On which younger players jumped out to him on film: "I thought Shelby Harris did some good things in the game. I thought he got a little tired late, but I thought kind of in the middle of the game, I thought he did some really good things. He was able to get some pressure on the quarterback, had a sack-fumble. I thought TJ Carrie played well in the defensive backfield. I thought [Ricky] Lumpkin did some good things in there as a defensive lineman -- great technique. Some of the guys down that are battling for spots on that 53-man roster, I thought I saw some good things out of them."

On the play of new quarterback Matt Schaub: "I was pleased with what I saw out of Matt Schaub. I mean, two of the third-down throws, you know, he tries the back-shoulder throw down the middle to Mychal Rivera and that's a catch that he's made consistently in training camp. The corner route on a third down was an outstanding throw in a tight window against Cover 2 and Mychal again wasn't able to come up with that play. We had a miscommunication on the first third down of the game where he was trying to get the ball to Andre Holmes, and those are some of the things that show up in the first preseason game that we get a chance to look at it, we get a chance to correct, coach it up, and hopefully we'll be able to improve on that. I was not displeased with Matt Schaub's performance. We obviously need to play better and we need to be more consistent. But again, I thought there were some things that we can build on."

On whether rookie quarterback Derek Carr would get any reps with the first-team offense this preseason: "Yeah, it's not really part of the plan right now. We'll obviously evaluate everything as we move along, but the plan is to work Matt Schaub as the starting quarterback and I think he's done a good job in doing that."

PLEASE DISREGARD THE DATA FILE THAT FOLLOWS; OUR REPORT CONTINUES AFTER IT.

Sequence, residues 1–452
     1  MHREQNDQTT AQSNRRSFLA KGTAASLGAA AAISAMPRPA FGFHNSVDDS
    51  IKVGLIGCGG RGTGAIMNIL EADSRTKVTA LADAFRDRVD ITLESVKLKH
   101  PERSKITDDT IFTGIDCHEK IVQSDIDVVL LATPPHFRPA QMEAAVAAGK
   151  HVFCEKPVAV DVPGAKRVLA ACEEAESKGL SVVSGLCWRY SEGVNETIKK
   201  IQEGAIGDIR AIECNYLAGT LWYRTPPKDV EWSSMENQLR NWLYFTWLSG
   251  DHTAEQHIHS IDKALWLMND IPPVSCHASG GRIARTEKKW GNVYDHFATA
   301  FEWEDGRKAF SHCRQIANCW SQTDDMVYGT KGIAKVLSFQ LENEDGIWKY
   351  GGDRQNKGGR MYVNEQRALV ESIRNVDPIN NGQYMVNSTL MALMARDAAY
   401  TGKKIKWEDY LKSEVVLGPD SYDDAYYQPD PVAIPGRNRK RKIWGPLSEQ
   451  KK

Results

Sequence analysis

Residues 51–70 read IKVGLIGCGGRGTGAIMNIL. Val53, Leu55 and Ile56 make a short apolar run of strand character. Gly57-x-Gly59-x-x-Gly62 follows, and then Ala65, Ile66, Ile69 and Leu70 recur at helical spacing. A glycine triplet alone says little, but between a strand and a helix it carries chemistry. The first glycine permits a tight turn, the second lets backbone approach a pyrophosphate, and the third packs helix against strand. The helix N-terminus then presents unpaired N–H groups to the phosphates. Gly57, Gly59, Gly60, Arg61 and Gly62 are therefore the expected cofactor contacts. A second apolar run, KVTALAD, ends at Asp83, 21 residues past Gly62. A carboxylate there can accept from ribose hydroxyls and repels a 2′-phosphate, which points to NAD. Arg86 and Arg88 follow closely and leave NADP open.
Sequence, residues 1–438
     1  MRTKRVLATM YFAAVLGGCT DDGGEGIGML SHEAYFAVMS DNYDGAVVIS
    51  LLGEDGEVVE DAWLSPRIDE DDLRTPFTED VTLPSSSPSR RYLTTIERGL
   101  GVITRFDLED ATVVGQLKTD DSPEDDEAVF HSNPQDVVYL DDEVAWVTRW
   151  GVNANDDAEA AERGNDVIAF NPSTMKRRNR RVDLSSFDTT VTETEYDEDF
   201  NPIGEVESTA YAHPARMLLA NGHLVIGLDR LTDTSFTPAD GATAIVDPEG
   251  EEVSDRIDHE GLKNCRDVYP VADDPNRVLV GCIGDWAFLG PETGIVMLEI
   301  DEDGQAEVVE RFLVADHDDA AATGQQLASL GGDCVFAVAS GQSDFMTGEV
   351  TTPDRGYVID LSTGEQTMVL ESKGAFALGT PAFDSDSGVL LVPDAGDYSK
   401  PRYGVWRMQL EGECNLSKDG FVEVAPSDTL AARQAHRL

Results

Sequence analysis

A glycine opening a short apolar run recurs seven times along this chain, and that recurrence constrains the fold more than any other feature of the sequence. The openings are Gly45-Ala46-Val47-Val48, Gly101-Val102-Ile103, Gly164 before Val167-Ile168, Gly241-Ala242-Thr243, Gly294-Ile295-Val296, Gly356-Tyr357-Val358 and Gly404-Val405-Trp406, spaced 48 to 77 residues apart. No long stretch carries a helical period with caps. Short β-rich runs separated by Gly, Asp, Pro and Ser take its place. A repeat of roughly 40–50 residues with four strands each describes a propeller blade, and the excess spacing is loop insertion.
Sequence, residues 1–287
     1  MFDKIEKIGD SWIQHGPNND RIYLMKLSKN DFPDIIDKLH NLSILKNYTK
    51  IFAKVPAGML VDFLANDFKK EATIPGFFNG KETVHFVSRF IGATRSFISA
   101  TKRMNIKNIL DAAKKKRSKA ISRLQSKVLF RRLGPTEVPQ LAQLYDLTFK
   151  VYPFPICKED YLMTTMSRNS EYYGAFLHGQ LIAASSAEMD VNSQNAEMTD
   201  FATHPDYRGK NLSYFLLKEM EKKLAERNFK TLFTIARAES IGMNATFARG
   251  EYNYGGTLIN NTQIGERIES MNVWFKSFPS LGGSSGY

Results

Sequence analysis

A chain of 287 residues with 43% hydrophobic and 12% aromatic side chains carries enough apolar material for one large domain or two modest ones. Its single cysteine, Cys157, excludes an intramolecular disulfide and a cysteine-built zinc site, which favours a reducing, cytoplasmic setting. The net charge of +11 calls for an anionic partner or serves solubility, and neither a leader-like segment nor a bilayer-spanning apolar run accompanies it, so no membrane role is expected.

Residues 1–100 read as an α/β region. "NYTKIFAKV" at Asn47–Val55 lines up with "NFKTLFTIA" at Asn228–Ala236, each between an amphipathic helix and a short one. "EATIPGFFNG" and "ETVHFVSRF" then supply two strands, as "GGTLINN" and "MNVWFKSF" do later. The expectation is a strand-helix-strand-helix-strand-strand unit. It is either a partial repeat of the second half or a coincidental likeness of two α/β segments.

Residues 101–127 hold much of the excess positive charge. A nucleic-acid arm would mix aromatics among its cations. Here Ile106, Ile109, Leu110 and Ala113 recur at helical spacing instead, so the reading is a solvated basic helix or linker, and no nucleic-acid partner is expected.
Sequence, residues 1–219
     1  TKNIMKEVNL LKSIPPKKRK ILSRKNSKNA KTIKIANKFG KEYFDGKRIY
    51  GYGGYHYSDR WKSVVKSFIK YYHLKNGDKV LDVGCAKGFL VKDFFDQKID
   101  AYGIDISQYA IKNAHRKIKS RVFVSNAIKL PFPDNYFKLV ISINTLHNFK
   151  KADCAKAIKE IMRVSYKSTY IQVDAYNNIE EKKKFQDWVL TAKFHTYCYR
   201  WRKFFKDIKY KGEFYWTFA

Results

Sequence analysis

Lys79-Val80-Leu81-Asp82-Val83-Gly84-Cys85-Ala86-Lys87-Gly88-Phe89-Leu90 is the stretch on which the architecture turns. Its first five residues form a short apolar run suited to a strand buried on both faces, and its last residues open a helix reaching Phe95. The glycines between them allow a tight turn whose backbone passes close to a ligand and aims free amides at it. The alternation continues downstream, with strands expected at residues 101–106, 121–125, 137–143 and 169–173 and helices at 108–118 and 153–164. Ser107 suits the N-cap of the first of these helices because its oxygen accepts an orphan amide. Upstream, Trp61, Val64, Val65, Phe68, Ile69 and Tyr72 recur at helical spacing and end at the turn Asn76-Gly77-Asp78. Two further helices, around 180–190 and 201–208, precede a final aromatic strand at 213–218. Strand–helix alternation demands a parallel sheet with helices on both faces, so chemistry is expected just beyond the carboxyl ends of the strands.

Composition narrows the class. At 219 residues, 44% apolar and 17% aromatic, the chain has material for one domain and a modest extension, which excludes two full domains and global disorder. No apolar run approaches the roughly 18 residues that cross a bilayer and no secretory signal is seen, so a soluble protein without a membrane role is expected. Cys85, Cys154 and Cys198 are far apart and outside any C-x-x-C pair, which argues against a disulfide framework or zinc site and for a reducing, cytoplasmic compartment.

On the play of top draft pick Khalil Mack, who had two tackles, one for a loss: "I think you saw a guy that is a rookie that was playing in his first game. A couple of times we activated him on rushes and he was able to cause some disruption. But then there were some times where, a little bit in the run game and a little bit in the pass game, he is just a little bit late in reacting to his responsibility. I think that's a guy that is playing in his first NFL game ... I don't want them doing a whole lot of thinking. I want them just really basically reacting to what they see and go play football."

Also, rookie defensive tackle Justin Ellis suffered a concussion in the game, taking a knee to the head, and is going through the NFL's concussion protocol. ... Oakland practices at 3 p.m. PT Sunday in Napa. ... The Raiders break camp Monday morning before traveling to Southern California for two practices with the Dallas Cowboys on Tuesday and Wednesday. ... Oakland plays host to the Detroit Lions in both teams' second exhibition game Friday night.

W2W4: Oakland Raiders

August, 8, 2014
Aug 8
The Oakland Raiders (0-0) and Minnesota Vikings (0-0) open their respective preseasons Friday night at TCF Bank Stadium in Minneapolis.

1. First-team reps: The obvious question for a preseason opener revolves around playing time for starters, because no coach in his right mind wants to subject a front-line player to unnecessary risk. Yet, he also has to find a balance to get his guys some serious run in a game situation. A series or two? “All these things can change based on how the game goes, but we’ll put the first team out there for a few plays and see how things go,” Raiders coach Dennis Allen said. “I really want to get the ones some work, but I really want to have an opportunity in this first preseason game to see a lot of these young players go out and play … you’re trying to use this as an evaluation process."